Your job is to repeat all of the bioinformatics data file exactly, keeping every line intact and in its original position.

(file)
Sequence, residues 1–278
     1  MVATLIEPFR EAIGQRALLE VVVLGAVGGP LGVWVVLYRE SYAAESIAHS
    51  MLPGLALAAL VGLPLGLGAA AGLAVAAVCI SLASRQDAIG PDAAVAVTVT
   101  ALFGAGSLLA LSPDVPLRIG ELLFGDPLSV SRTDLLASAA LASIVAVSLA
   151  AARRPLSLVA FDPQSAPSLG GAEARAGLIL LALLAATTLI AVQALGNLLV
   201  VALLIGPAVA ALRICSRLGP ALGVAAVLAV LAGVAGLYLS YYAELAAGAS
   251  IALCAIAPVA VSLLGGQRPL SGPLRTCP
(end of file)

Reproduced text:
Sequence, residues 1–278
     1  MVATLIEPFR EAIGQRALLE VVVLGAVGGP LGVWVVLYRE SYAAESIAHS
    51  MLPGLALAAL VGLPLGLGAA AGLAVAAVCI SLASRQDAIG PDAAVAVTVT
   101  ALFGAGSLLA LSPDVPLRIG ELLFGDPLSV SRTDLLASAA LASIVAVSLA
   151  AARRPLSLVA FDPQSAPSLG GAEARAGLIL LALLAATTLI AVQALGNLLV
   201  VALLIGPAVA ALRICSRLGP ALGVAAVLAV LAGVAGLYLS YYAELAAGAS
   251  IALCAIAPVA VSLLGGQRPL SGPLRTCP